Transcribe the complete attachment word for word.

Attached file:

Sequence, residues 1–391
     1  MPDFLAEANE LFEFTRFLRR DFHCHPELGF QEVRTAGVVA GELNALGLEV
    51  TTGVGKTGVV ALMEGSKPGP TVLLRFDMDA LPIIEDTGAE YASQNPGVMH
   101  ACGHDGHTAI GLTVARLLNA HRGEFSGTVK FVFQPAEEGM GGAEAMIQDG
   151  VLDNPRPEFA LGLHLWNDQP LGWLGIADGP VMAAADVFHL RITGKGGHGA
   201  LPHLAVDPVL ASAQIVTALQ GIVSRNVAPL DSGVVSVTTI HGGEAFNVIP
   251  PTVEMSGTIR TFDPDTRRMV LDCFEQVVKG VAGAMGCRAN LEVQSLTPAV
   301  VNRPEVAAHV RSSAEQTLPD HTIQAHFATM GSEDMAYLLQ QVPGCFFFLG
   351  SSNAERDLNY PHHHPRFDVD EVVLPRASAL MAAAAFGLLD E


Sequence, residues 1–391
     1  MPDFLAEANE LFEFTRFLRR DFHCHPELGF QEVRTAGVVA GELNALGLEV
    51  TTGVGKTGVV ALMEGSKPGP TVLLRFDMDA LPIIEDTGAE YASQNPGVMH
   101  ACGHDGHTAI GLTVARLLNA HRGEFSGTVK FVFQPAEEGM GGAEAMIQDG
   151  VLDNPRPEFA LGLHLWNDQP LGWLGIADGP VMAAADVFHL RITGKGGHGA
   201  LPHLAVDPVL ASAQIVTALQ GIVSRNVAPL DSGVVSVTTI HGGEAFNVIP
   251  PTVEMSGTIR TFDPDTRRMV LDCFEQVVKG VAGAMGCRAN LEVQSLTPAV
   301  VNRPEVAAHV RSSAEQTLPD HTIQAHFATM GSEDMAYLLQ QVPGCFFFLG
   351  SSNAERDLNY PHHHPRFDVD EVVLPRASAL MAAAAFGLLD E